Every time I interacted with Samuel, I would think to myself:
Who would know that these ideas exist in the mind of this young boy? In the mind of a young boy who’s only encouraged to go out on the boats every day to help fish to provide financial support to his family (note: many of these families have lost their financial providers ie father or mothers due to sicknesses etc.)? In the mind of a young boy whose life and all he knows starts and stops inside the village parameters of Mankoadze?
I felt both excited about his potential, but helpless about his place/position in society. I thought to myself: The Trap of Poverty (should not be) a requirement for life.
What do I mean by this?
The situation he was born into has the potential to trap him into a category of financial poverty that his mind in reality has the power to break.
Fast forward to the day of my graduation with my nine month old daughter Autumn Eve on my hip, that same exact feeling that I felt two summers prior while working with Samuel from the fishing village of Mankoadze overwhelmed me. I was excited about my potential, but helpless about my current place/position in society — jobless.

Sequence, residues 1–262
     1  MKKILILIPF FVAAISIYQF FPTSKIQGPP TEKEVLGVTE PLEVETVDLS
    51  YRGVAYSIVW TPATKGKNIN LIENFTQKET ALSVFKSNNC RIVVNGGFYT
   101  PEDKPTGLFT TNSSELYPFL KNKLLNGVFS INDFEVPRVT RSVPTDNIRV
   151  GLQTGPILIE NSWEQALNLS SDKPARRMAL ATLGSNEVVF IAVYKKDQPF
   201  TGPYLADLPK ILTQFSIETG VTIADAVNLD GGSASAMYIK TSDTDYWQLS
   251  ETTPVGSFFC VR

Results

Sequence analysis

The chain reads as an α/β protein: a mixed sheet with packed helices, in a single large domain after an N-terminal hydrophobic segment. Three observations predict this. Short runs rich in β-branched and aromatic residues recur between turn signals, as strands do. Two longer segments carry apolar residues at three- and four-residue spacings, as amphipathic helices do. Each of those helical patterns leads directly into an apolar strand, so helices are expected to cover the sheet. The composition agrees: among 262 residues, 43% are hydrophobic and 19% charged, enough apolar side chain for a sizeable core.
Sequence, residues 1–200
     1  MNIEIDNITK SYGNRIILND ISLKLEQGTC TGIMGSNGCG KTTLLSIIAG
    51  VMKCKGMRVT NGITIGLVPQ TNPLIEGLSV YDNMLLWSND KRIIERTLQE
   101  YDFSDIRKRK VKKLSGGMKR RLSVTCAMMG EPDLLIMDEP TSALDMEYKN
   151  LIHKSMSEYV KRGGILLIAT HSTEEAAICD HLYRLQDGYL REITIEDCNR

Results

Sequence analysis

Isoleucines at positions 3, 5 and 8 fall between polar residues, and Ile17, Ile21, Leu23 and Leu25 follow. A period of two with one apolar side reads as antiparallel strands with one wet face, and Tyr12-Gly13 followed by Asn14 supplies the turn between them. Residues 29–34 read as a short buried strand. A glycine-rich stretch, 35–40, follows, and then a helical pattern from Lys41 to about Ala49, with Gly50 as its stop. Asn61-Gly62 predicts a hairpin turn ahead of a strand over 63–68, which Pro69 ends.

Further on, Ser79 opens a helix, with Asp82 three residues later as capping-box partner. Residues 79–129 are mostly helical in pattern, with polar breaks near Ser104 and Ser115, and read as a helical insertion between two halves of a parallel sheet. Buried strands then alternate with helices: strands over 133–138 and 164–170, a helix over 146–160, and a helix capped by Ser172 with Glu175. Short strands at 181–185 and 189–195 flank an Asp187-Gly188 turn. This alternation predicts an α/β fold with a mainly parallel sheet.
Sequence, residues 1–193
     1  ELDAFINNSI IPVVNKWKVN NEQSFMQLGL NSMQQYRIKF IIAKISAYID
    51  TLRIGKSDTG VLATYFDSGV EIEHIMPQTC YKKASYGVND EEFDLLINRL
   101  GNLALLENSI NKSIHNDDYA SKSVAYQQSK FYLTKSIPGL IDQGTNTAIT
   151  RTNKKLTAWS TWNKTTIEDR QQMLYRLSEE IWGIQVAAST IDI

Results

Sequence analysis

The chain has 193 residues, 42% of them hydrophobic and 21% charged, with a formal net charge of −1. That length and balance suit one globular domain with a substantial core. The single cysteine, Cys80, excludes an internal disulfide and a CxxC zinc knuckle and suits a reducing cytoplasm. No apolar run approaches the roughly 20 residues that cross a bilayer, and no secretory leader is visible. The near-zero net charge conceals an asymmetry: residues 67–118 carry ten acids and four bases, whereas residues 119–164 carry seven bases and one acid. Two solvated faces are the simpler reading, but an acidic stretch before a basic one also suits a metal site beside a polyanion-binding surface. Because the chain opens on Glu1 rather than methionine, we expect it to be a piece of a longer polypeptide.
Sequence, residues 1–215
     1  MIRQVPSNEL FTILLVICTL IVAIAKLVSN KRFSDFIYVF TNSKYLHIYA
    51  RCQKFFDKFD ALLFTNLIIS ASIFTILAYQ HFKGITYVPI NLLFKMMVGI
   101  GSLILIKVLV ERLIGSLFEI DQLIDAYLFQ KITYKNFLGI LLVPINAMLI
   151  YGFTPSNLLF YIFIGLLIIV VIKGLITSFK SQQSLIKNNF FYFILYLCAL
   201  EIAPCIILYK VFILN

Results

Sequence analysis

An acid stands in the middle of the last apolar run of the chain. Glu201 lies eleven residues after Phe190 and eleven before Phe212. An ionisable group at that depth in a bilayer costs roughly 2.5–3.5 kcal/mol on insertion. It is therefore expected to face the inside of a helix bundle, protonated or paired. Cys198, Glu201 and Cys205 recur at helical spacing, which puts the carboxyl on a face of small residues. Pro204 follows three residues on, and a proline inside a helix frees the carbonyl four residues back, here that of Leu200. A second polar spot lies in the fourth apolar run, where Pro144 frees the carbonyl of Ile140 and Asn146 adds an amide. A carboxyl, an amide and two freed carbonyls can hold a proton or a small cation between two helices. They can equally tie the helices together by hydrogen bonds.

The situation I had fallen into had the potential to trap me into a category of financial poverty and add me to a statistic that my mind in reality had the power to break.
In fact, for years, that title jobless killed me. It killed my mind and spirit.
But, I quickly learned that what was “killing” my mind and spirit was not the fact that I couldn’t land a job to care for my family.
What was killing me was I felt entitled to a title. As an aspiring diplomat, I felt I had done all the work I was asked to do and I deserved a big job title. I had no job title, nothing to parade around with, let alone money at my disposal like others I saw around me. Not attaining the expectations I had of such a title was what was killing me.
Until God checked my heart and asked: Since when did helping underserved people and communities start and stop with a “job title”?
If you say you want to impact economic development (in Africa), why don’t you just do it?
I got delivered from entitlement and as a result got my power back and starting creating global impact through the
Virtual Global Consultant Group, a company I cofounded that develops and designs eCommerce systems that help generate revenue online for people, companies, and organizations; and The Digital Diplomat— currently my blog focused on sharing my perspective on economic development and public policy.
Sadly, I don’t know where Samuel is today. But, every day I’m reminded of the story of Samuel.
My encounter with Samuel has in many ways inspired my own journey to becoming The Digital Diplomat.
How you may ask? Well, while I was on government support for my first year after graduate school, it was digital technology and the power of eCommerce that allowed me to create any real form of money to provide for my family.
Digital technology helped me break free from the Trap of Poverty.
Now, its the vehicle I’m using to empower global economies in my journey to Diplomacy.
The Digital Diplomat